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Erik Compton can see Pinehurst ‘picking the story,’ as it did for him in 2014

PINEHURST, N.C. – Erik Compton texted Ernie Els early Wednesday to reminisce about a memorable start to what turned out to be an unforgettable week.

Compton, who was playing his third full season on the PGA Tour in 2014, teamed with Els during a practice round at the ’14 U.S. Open to beat major champions Louis Oosthuizen and Charl Schwartzel.

“They were like, who is this guy?” Compton recalled. “Ernie was laughing because he and I had a relationship and I’d played practice rounds with him.”

It’s one of countless memories Compton has from his runner-up finish, a career high-water mark on the biggest stage. In fact, Compton said he thinks about the ’14 U.S. Open almost every day, and it’s on his mind even more so with the championship’s return to Pinehurst No. 2.

Compton isn’t in North Carolina this week. He has his hands full preparing and playing in the Korn Ferry Tour event in Kansas. Still, the memories of that ’14 championship are never far off. The second-round 68 that set the stage for a special weekend; the third-round 67 to move to within five shots of front-runner and eventual winner Martin Kaymer; the sliding 8-footer for par on the 72nd hole to secure his runner-up finish — his best showing in 169 PGA Tour starts; and the fans who embraced his story so thoroughly.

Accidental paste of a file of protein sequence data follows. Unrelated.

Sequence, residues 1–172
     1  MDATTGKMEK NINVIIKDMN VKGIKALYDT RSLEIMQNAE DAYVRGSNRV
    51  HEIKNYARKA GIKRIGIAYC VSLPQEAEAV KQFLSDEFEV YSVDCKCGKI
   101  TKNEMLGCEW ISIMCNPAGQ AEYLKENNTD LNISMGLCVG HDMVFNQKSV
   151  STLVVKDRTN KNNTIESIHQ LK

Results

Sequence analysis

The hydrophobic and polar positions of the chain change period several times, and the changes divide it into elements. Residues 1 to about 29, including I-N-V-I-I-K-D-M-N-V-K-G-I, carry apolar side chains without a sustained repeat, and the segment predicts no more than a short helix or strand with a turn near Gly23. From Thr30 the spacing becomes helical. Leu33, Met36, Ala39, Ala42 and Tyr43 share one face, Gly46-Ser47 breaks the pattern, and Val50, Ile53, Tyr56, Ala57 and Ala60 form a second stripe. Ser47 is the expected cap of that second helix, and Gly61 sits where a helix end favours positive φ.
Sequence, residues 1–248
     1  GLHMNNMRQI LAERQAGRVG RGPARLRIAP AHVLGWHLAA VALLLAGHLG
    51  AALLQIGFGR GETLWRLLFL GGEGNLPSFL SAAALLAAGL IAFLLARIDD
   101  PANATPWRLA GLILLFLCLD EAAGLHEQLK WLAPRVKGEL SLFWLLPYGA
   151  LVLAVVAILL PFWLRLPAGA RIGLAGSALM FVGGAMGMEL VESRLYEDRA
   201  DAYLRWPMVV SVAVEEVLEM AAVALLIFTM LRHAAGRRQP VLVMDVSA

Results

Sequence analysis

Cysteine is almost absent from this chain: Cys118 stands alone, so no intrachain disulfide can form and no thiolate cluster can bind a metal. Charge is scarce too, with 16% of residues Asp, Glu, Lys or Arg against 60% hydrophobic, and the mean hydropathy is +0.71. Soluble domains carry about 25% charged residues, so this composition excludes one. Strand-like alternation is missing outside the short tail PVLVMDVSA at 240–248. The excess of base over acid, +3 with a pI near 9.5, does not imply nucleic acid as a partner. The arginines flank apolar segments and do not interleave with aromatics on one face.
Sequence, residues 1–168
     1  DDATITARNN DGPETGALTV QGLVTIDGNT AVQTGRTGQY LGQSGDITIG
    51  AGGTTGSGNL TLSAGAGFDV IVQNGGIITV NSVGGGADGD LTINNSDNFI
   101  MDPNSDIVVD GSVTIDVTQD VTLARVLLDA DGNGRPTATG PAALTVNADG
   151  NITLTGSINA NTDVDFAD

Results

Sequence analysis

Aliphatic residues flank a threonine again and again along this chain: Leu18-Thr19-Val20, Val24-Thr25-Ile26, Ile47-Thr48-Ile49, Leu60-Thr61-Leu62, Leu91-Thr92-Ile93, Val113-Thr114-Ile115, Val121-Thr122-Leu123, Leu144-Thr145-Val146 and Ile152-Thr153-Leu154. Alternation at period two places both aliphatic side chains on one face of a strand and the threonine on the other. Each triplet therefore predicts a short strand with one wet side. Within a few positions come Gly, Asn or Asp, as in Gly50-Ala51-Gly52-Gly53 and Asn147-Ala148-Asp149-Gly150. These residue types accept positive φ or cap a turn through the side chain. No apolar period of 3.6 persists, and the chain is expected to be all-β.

“I remember how much my adrenaline was running that whole week and how I was able to control my nerves,” Compton told Golf Channel. “I think about it all the time because it was such a great memory for me and the family. My caddie and I talk about it all the time. For a guy like me, that was the professional highlight of my career, but not my life.”

Compton is, by any definition, a medical miracle having survived two heart transplant surgeries, the first coming when he was 12 years old. The second surgery came in 2008 which made his performance in ’14 at Pinehurst such a storybook moment.

The professional fairytale didn’t continue, though, as he lost his card after the 2015-16 season and has since primarily been competing on the KFT. On the personal side, in August 2023, he was arrested on felony and misdemeanor domestic violence charges.

His road has never led back to Pinehurst. He planned to request an exemption from local qualifying this year but there was a “miscommunication” between he and his manager and he missed the deadline to apply. The USGA does grant special exemptions into the U.S. Open, like the association did this year for Tiger Woods, but that also requires a player to apply before the May 15 deadline.

“He didn’t apply for [an exemption] and didn’t get his entry in in time,” said USGA chief championships officer John Bodenhamer. “Our special exemption [into the championship] process is really laddered up to special — some assume it’s a sponsor exemption, but it is a criteria that we use that is extraordinary, particularly at the U.S. Open and USGA championships. Majors, world No. 1, Tour wins, we look at all of that. If you look at who we give it to, it’s pretty rare. It would have been a tough bar but we’re going to miss him and we told him that.”

Instead, Compton said he’s looking forward to watching how the course plays this year compared to 2014.

“I’m more interested in watching the guys play and seeing how they do. There are so many guys who I can see do what I did. I can see Harry Higgs making a similar run,” he said. “I can see the golf course picking the story; Pinehurst is one of those courses anybody can have a great week.”